Government & Politics

Kansas sanctions Missouri doctor over 13-year-old’s abortion

Planned Parenthood’s clinic in Overland Park.
Planned Parenthood’s clinic in Overland Park. Google Earth

Kansas suspended a former Planned Parenthood physician-contractor’s state medical license for 90 days for failing to preserve a fetal tissue sample from a 13-year-old girl’s abortion so that it could be sent to authorities.

The State Board of Healing Arts concluded that Allen S. Palmer violated Kansas law during the December 2014 abortion at a Planned Parenthood clinic in Overland Park. The suspension affects the St. Louis area doctor’s ability to practice medicine in Kansas, but not elsewhere.

Kansas requires fetal tissue to be preserved when an abortion patient is younger than 14, for submission to the Kansas Bureau of Investigation or an approved lab. A document in the case said the girl said she had sex with a 19-year-old boyfriend; sex with anyone younger than 14 is considered rape under Kansas law.

“The potential injury from this violation is severe in that a failure to preserve and submit fetal tissue may hinder a criminal prosecution,” the board said in its order last week.

The board said the suspension would run through Dec. 7. The regional Planned Parenthood affiliate, now Planned Parenthood Great Plains, self-reported the issue to the state less than a month after the abortion. Palmer no longer provides services for the clinic.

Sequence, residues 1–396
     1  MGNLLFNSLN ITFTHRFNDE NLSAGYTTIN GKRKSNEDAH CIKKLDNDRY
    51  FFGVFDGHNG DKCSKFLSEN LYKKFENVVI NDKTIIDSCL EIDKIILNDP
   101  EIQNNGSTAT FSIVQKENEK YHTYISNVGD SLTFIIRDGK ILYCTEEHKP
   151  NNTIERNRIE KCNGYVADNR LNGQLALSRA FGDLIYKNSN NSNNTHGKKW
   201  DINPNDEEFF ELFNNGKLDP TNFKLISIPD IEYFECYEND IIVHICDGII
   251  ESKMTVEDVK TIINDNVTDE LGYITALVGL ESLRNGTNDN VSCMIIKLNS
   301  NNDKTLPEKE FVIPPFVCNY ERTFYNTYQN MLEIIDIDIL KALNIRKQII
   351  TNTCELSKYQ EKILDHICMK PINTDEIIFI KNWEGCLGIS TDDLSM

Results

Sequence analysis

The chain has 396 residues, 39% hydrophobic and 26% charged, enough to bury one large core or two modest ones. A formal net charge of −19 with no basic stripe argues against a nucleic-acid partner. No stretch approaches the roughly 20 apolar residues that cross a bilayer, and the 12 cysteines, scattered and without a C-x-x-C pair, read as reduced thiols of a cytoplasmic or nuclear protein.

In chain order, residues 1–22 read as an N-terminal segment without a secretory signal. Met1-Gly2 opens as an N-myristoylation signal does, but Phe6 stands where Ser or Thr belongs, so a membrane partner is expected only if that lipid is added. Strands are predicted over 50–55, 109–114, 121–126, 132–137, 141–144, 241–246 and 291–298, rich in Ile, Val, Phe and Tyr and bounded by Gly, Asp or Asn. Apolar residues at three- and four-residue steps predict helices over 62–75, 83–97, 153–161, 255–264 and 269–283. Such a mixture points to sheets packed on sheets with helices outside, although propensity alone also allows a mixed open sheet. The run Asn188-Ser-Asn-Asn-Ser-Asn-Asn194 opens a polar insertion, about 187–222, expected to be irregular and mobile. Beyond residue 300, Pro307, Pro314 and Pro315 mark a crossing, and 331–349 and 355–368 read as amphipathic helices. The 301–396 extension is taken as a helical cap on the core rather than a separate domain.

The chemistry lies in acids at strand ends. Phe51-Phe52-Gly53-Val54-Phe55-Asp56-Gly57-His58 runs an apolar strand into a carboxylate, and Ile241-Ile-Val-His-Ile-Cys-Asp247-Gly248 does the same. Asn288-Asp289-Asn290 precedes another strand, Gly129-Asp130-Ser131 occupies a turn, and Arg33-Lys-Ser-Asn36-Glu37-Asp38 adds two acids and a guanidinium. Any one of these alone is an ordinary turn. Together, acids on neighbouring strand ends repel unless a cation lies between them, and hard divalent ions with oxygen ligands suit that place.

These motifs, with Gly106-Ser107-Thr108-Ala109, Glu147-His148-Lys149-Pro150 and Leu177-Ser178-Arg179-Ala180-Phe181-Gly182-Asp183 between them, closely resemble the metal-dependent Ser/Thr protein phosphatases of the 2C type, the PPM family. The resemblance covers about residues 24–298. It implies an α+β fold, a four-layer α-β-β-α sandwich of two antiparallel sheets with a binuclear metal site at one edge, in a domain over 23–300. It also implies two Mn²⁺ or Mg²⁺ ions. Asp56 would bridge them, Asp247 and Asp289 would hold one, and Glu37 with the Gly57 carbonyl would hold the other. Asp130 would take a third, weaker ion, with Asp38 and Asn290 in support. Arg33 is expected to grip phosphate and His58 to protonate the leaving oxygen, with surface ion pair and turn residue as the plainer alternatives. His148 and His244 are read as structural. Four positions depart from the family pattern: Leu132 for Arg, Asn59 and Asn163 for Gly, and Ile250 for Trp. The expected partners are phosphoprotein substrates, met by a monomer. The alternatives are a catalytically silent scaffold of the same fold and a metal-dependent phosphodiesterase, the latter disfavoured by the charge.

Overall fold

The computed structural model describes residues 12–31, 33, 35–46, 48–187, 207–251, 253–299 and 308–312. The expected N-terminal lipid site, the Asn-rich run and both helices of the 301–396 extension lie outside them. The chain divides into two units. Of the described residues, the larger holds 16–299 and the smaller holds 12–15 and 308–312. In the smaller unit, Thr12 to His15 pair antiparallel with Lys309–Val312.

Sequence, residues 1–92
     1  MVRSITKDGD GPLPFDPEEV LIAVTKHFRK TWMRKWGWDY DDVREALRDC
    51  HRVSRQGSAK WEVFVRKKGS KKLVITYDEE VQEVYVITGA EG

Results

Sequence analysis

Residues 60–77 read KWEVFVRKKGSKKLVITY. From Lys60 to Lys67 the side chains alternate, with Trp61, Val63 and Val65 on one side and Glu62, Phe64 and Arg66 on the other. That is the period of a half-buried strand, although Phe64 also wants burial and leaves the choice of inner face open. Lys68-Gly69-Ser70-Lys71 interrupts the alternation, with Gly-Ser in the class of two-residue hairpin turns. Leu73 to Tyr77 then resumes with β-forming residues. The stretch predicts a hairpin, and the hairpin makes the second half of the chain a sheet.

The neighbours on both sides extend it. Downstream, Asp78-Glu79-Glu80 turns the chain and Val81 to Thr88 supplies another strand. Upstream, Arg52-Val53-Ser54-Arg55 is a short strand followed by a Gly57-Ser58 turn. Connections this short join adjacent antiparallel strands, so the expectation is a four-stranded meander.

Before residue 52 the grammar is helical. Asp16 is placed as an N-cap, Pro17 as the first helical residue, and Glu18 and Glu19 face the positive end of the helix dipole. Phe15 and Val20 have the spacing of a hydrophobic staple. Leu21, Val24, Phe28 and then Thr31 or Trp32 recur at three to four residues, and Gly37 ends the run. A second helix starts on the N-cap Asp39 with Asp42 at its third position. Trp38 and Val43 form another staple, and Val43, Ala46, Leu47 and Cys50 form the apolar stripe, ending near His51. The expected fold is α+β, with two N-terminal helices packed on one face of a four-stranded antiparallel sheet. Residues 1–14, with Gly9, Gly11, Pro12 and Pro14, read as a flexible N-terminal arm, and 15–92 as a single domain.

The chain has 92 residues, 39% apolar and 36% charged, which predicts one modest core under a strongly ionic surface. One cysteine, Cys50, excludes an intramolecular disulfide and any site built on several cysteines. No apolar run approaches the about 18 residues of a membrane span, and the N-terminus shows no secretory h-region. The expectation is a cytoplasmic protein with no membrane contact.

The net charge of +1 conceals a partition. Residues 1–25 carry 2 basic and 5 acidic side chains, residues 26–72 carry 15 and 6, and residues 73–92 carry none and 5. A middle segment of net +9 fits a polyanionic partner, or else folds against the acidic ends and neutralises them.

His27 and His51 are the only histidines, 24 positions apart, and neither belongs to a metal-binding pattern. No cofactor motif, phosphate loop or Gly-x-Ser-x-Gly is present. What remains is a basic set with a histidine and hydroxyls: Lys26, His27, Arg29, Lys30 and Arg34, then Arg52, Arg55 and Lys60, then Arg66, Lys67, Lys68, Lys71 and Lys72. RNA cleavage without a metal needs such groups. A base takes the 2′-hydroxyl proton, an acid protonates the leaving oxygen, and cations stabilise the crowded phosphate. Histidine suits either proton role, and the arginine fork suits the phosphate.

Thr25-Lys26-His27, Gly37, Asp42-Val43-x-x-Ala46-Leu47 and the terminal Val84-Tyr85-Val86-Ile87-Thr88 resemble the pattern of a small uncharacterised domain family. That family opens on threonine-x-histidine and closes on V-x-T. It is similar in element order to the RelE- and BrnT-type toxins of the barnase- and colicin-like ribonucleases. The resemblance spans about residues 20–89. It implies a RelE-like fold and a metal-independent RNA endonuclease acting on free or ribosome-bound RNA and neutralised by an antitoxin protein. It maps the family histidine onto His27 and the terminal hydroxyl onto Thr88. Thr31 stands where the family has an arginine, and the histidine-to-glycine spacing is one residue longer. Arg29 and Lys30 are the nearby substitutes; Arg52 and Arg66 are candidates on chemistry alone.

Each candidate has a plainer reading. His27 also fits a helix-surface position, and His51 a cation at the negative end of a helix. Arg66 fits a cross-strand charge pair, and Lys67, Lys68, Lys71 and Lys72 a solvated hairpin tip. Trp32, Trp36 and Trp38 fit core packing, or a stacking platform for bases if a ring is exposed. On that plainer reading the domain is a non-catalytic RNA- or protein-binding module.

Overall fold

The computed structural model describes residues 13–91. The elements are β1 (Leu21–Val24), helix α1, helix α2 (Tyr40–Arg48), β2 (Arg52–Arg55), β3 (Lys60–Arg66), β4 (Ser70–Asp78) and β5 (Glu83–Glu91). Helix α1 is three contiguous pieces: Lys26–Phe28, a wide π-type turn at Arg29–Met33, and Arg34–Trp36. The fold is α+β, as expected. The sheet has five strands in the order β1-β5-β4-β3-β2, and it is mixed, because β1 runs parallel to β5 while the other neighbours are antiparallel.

Palmer said during an August board hearing that he was “as shocked and awed by this failure as anybody here” but maintained he made an inadvertent mistake. He testified that he didn’t know the girl’s age, relied on Planned Parenthood’s staff to tell him when a patient was under 14 and didn’t perform abortions on girls that young.

He was a part-time contractor performing first-trimester abortions. He was filling in for a vacationing clinic medical director at the time of the girl’s abortion. He has been licensed in Kansas to practice surgery and osteopathic medicine since 2008.

His attorney, Thomas Theis, of Topeka, did not immediately return a telephone message seeking comment. Telephone listings for Palmer in Clayton and St. Louis County, Missouri, had been disconnected.

Palmer can ask the board to reconsider its action or seek to overturn it with a lawsuit.

The board noted that during his hearing, Palmer acknowledged that he had not reviewed the abortion patient’s medical history. Had Palmer reviewed the patient’s history, “her age would have been ascertained,” the board said.

Palmer also said he was bound by Planned Parenthood’s procedures. The board said those procedures had “inadequacies,” though the Planned Parenthood affiliate reported revising them after the December 2014 abortion so that a patient’s age would be more readily identified from electronic medical records. Its spokeswoman, Bonyen Lee-Gilmore, declined to comment on Palmer’s case.